Definitions

– Gestational age (GA) was calculated according to the date of last menstrual period and/or first obstetrical ultrasonography.

– Smoking during pregnancy was defined as the consumption of at least one cigarette/day by self-reporting. The information on maternal smoking status was obtained by the midwives in a questionnaire filled out at booking, at time of delivery or shortly after. Details were gathered concerning daily cigarette consumption during the year before current pregnancy, any changes that took place during the actual pregnancy and the date of such a change along with current smoking habits were recorded. No biological assay was performed. Smoking quantification was done by classifying mothers into three groups as follow: non-smokers (0 cigarette/day), moderate smokers (1 to 9 cigarettes/day) and heavy smokers (>10 cigarettes/day).

– Foetal growth was assessed by measuring three anthropometric parameters: birth weight (BW) in kilograms recorded with electronic scale (Scale Neonatometer, Sud-Ouest Hospitalier, Matériel Médical, Merignac, France), birth length (BL) in centimetres measured with a Neonatometer (Scale Neonatometer, Sud-Ouest Hospitalier, Matériel Médical, Merignac, France), with the precaution taken that difference between two measures be <0.5 cm and head circumference (HC) in centimetres measured with a metal tape measure. The three anthropometric variables were recorded in the labour room or immediately upon admission to either the Neonatal Intensive Care Unit or the Special Care Baby Unit.

– Foetal growth restriction was defined by a BW, BL and HC below 10th centile of normal for gestational age according to AUDIPOG French curves [22]. These curves take several parameters into account such as GA, BW, BL, HC, birth rank and gender, maternal age and height as well as pre-pregnancy body weight, to predict the infant’s genetic growth potential. Ponderal Index (PI) was derived using the formula P.I = 100 x BW (g)/BL3.

For each mother, in addition to smoking status, we also recorded data on age, height, weight before present pregnancy, body mass index (BMI), level of education, past obstetrical history, profession and country of origin (recorded as European or non-European).

Statistics

Statistical analyses were performed with STATA (9) Software (College Station, Texas, Stata Corp LP). Analysis of variance, non parametric tests (Kruskall-Wallis), Pearson chi-square test and Fisher exact test were used as necessary for bivariate analysis, with level of significance at P <0.05. We used Logistic regression and multiple linear regression analyses for multivariate analysis.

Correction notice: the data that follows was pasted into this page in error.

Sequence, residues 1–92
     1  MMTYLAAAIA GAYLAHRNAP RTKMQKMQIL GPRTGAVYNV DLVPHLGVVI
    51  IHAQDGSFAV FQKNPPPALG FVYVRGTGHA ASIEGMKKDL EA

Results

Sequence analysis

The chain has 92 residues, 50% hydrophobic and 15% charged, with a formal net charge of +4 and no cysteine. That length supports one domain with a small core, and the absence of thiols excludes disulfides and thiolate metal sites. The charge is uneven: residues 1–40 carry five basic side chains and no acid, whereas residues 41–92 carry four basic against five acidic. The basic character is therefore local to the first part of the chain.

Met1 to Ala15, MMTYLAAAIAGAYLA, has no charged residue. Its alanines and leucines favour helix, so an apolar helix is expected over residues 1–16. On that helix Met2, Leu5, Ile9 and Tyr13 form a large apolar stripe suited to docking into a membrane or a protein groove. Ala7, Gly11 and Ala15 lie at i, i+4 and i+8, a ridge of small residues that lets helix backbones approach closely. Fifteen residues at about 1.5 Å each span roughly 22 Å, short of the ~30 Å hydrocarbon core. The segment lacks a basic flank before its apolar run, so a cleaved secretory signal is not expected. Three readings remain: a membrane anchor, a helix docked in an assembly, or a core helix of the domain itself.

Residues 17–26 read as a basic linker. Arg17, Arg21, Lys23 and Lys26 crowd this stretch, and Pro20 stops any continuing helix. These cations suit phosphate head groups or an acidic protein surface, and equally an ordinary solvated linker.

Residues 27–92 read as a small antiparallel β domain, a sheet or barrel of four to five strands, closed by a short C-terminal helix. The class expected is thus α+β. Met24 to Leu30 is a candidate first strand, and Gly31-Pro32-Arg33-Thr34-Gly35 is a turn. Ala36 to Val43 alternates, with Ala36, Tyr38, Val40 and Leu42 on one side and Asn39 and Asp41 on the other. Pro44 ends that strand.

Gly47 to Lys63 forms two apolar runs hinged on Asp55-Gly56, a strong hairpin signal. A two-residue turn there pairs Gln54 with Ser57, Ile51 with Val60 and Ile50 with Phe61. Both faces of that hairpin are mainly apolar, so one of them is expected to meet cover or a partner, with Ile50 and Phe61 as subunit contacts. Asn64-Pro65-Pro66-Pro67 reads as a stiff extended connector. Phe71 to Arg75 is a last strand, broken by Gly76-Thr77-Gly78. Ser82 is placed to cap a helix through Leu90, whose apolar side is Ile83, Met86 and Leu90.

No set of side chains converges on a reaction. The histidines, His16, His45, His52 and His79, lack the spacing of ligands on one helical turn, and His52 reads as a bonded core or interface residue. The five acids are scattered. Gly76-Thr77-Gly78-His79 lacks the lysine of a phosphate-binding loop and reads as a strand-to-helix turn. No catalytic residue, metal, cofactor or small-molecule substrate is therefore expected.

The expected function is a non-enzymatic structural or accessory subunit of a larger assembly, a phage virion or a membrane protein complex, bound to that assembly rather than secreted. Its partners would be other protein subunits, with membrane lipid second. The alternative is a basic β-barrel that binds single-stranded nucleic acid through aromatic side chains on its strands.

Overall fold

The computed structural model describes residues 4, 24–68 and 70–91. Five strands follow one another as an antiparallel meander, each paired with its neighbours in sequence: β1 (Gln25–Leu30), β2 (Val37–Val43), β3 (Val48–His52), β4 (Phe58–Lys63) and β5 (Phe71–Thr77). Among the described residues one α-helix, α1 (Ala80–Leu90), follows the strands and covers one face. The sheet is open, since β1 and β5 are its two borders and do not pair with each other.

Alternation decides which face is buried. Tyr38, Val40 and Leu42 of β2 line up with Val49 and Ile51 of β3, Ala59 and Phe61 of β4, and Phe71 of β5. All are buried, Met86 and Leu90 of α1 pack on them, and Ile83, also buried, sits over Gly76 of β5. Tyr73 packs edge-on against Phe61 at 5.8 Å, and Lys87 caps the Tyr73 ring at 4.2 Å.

The first analysis compared principal risk factors of foetal growth restriction as defined by AUDIPOG (GA, mother’s height and weight, parity, foetal sex, birth rank) between preterm infants (GA 24–32 weeks) smokers versus non-smokers on one side, and term infants (GA 37–42 weeks) smokers versus non-smokers on the other side. The second analysis studied the effects of smoking on anthropometric parameters at birth. Lastly, multivariate linear regression analysis was performed after adjustment for GA, sex of the baby, maternal height and weight, parity and socio-economic conditions to compare the effects of maternal smoking during pregnancy in the preterm infants group (smokers versus non-smokers) and the term-born infants group (smokers versus non-smokers).

Results

We were able to recruit a cohort of 719 live-born infants into the study, of which 358 were preterm (GA 24–32 weeks) and 361 term infants (GA 37–42 weeks). In the preterm group 129 were born to mothers who smoked during their pregnancy, the remaining 229 were born to non-smokers. In the control group 129 infants were born to smokers and 232 were born to non-smokers. We were able to collect all the required data for all participants.

Maternal characteristics

In case group (table Ia), mothers who smoked were younger (P <0.001), with similar BMI (P = 0.74) in comparison to non-smokers, but a greater proportion had BMIs in the lower and higher distribution than the non-smokers, BMI <18.5 kg/m² (P <0.01), normal BMI (P <0.01), and BMI >25 kg/m² (P <0.01). Mothers who smoked had a lower education level (P <0.001) and were more often unemployed in comparison to non-smokers (P <0.001). No difference was found between groups as far as mothers’ country of origin was concerned.